Carlos Dinares Tip #332: ROWING POWER CURVE

Hi Carlos, I have a bit of a technical question for you. Do you think the power curve through the water and on the row perfect should be different based on whether you are sweeping or sculling? For example, if you are in an 8 should your peak power be earlier compared to if you are in a single, double or quad? And do you think that there should be a difference in that power curve between men and women?


That is a good question.
Let’s start by understanding that when you row on the rowperfect you are learning to find the right way to coordinate your body with the rowing machine to get the most efficient power application. You will achieve that when you get the better split at any given rate with a given Lactate level. To understand the lactate level, it is understood that if you are able to give a split A at a certain lactate level at a given rate, you will prove more fitness when you keep the same split A and the same rate and the lactate level is lower. Or you give a better split with the same lactate level and stroke rate.
Ok said that it is important to understand that the ideal power curve is the one that will give you the better split at a given lactate level on the water. A good power curve gets you closer to efficient rowing and efficient rowing gets you a better split with less effort.
Now the question is:
Do you think the power curve through the water and on the row perfect should be different based on whether you are sweeping or sculling?
The power curve on sweep or sculling boats follows the same principals. It is the power you get on the pin when you lever the blade against the water, agaisnt the handle. To reach that you need to lever the handle against the footstretcher.
When I coach on the rowperfect3 power application I teach simple coordination of the stroke. The principals of coordination ad power application are the same for any boat class, sweep and sculling. I teach connection, coordination and efficiency. To do that I use the Joules x stroke data, the peak force position and the length of stroke. Rowers with practice and good repetitions develop a rowing body that can produce a good power curve.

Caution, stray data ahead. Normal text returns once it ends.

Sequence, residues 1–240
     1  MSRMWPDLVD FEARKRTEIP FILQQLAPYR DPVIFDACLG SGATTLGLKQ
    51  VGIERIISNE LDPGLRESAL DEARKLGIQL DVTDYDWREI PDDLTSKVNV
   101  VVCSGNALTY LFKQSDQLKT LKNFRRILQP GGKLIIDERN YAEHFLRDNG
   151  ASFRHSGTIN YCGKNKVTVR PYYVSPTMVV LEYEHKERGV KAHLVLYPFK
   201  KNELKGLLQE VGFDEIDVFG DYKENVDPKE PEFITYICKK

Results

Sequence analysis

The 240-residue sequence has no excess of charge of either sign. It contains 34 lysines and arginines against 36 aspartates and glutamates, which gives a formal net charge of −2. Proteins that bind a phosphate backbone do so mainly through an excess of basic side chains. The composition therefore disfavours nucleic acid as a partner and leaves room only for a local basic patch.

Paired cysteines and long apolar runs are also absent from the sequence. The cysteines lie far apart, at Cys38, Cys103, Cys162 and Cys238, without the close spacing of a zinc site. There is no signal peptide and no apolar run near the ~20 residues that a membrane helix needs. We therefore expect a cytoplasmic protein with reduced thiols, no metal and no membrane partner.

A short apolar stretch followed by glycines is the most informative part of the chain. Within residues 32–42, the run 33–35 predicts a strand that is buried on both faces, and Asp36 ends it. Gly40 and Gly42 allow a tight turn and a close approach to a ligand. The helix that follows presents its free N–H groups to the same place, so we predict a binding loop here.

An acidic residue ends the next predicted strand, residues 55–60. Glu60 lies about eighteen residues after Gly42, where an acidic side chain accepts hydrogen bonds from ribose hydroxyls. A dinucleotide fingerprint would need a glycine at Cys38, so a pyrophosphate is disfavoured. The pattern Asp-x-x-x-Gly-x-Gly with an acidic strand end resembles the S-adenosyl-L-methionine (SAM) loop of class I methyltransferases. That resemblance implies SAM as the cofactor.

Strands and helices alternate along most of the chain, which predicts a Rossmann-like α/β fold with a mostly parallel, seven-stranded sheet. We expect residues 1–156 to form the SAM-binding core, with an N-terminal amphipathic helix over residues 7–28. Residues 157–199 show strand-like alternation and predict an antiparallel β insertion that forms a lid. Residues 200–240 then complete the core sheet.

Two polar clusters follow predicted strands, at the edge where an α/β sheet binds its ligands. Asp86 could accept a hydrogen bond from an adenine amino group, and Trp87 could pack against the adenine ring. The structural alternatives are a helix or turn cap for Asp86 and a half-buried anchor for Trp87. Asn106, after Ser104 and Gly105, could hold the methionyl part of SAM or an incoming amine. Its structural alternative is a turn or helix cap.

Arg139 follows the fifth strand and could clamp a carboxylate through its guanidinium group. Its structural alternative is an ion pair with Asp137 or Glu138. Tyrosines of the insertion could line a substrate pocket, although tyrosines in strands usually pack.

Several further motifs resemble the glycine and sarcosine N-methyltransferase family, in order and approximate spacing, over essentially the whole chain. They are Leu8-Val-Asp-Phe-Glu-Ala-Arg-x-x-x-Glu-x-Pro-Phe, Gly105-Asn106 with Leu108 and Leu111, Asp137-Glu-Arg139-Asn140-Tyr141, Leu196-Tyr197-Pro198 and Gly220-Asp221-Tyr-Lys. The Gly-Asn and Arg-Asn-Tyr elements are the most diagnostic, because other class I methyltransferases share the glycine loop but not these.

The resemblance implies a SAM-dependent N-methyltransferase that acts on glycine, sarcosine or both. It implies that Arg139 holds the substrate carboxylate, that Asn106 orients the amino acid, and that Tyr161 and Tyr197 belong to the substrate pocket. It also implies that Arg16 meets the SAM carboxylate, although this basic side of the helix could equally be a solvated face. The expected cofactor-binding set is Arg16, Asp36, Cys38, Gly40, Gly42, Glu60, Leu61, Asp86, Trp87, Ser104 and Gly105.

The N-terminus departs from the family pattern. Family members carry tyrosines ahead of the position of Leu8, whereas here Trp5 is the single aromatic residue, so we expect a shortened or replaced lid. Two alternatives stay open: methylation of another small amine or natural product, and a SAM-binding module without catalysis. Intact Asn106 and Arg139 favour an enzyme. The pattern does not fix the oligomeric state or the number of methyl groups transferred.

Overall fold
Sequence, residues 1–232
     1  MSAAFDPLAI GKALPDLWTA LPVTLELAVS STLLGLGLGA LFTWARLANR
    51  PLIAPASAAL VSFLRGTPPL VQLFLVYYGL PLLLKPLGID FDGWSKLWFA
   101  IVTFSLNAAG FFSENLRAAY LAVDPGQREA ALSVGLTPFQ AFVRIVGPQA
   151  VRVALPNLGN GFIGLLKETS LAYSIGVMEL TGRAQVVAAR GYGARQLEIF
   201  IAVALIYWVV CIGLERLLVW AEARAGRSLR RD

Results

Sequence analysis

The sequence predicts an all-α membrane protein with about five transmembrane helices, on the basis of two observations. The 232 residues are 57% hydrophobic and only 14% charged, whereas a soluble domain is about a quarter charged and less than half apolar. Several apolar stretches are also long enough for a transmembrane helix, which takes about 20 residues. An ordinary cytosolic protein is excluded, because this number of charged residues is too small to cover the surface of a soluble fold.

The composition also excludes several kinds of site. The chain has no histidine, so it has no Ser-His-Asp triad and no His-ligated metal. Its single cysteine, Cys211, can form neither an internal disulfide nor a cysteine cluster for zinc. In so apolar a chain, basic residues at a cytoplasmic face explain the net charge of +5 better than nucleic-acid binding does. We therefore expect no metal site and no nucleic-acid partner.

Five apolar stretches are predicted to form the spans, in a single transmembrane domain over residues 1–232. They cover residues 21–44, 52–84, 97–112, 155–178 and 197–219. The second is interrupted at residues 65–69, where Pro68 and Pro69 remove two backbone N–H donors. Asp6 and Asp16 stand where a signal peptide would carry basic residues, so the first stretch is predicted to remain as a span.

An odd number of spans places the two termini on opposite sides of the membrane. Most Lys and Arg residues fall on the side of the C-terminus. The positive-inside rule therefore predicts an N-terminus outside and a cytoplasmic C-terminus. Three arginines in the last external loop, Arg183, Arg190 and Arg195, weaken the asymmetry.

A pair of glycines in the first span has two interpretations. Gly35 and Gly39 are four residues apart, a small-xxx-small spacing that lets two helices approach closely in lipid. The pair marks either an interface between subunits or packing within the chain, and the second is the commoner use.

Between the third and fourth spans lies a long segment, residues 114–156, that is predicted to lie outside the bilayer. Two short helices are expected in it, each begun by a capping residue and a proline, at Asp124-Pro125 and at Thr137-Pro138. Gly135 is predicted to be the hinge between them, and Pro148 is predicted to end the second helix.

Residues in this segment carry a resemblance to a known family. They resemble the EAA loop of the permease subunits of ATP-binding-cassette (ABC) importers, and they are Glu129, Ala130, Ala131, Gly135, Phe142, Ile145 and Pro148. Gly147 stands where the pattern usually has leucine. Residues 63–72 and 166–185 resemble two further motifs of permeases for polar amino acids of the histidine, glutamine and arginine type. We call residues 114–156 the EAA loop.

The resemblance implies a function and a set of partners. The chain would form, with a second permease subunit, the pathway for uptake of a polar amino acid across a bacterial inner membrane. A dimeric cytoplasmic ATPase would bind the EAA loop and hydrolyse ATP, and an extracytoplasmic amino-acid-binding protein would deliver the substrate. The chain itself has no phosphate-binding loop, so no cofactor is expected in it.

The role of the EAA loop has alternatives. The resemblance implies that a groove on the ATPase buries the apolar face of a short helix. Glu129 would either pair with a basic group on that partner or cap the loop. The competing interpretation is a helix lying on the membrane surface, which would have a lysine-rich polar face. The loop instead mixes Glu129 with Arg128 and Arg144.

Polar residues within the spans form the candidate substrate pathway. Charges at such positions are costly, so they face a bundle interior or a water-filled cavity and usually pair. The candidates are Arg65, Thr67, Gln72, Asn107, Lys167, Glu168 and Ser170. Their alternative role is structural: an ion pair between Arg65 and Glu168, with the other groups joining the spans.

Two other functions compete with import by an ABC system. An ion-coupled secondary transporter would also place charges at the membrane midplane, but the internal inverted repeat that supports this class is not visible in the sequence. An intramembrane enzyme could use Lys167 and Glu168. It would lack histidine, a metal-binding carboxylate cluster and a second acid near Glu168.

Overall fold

It is a question of focus, attention, good coaching and repetition. It is not rocket science. Eventually any rower with the right tool, good instruction and plenty of good repetition achieves the right rowing coordination.
To do that I have the rower row at low rate and with a heavy drag factor to slow things down.
When I have developed a balanced body and good coordination and a good power curve that will be peaking at 50% and always going out and thick and big, I can move to develop a more similar curve to the boat they are going to race.

We know that the slower boat is the 1x. After that we have the 2-, 2x and 4- and finally the 4x and the 8+. If we check the drive times of these different events at race pace we can see that the slower even has the longer drive time and the fastest bat the shorter drive time. This is a data that we can take to the Rowperfect3. If we are racing on a 1x we know that we will have a longer drive time, that means that we will have a higher drag factor. If we race on an 8+ we are going to have a lighter drag factor. Also we know that the lighter is the drag factor and the shorter the drive time the harder is to keep your body weight suspended all the way trough the drive and because of that the harder to peak on the curve later. Also we know that the fastest the boat the more effect of a front loaded drive and this also makes the peak force position move closer to the front of the curve.
To give some clear ideas here what I’m saying is that the curve will look different as you play with the drive time, stroke rate and drag factor. The curve needs to always go out. Depending on how you are build and where do you find strengths in your body will also have some effect on the shape of your curve.
Said that I like everybody to start with a heavy drag, a low rate and trying to peak at 50%. When they are able to produce a perfect curve like that peaking at 50%, then i start increasing the challenge b getting a lighter load and increasing the stroke rate. Also increasing the intensity makes hard to sustain good coordination and mistakes on the power curve are much easier to show up.
Do you think the power curve through the water and on the row perfect should be different based on whether you are sweeping or sculling? For example, if you are in an 8 should your peak power be earlier compared to if you are in a single, double or quad? And do you think that there should be a difference in that power curve between men and women?
The answer is I should do the same for everyone at the beginning of the season. Like if all were rowing on a 1x. Low rate, heavy drag factor and peaking at 50%. As the season moves on, I will start reducing the drag on some workouts and increasing the rate. I will match the drive time n the water for the boat I’m going to race at the one on the rowperfect3 (The drive time time is a field that the software gives you).
Yes if you are doing pieces at race pace at the drive time of an 8+ you will be picking at 35% – 38% of your power curve. If you are on a 1x it will be 45% to 50%.
The other events and on the middle numbers from 35% to 50%.
Power curve on women normally show less power on the second part of the stroke. Women have proportionally more power on their legs, glutes than on their upper body. This will be clear on the power curve. Women are more front loaded and peak earlier in general than men. It is a question of power and strength.

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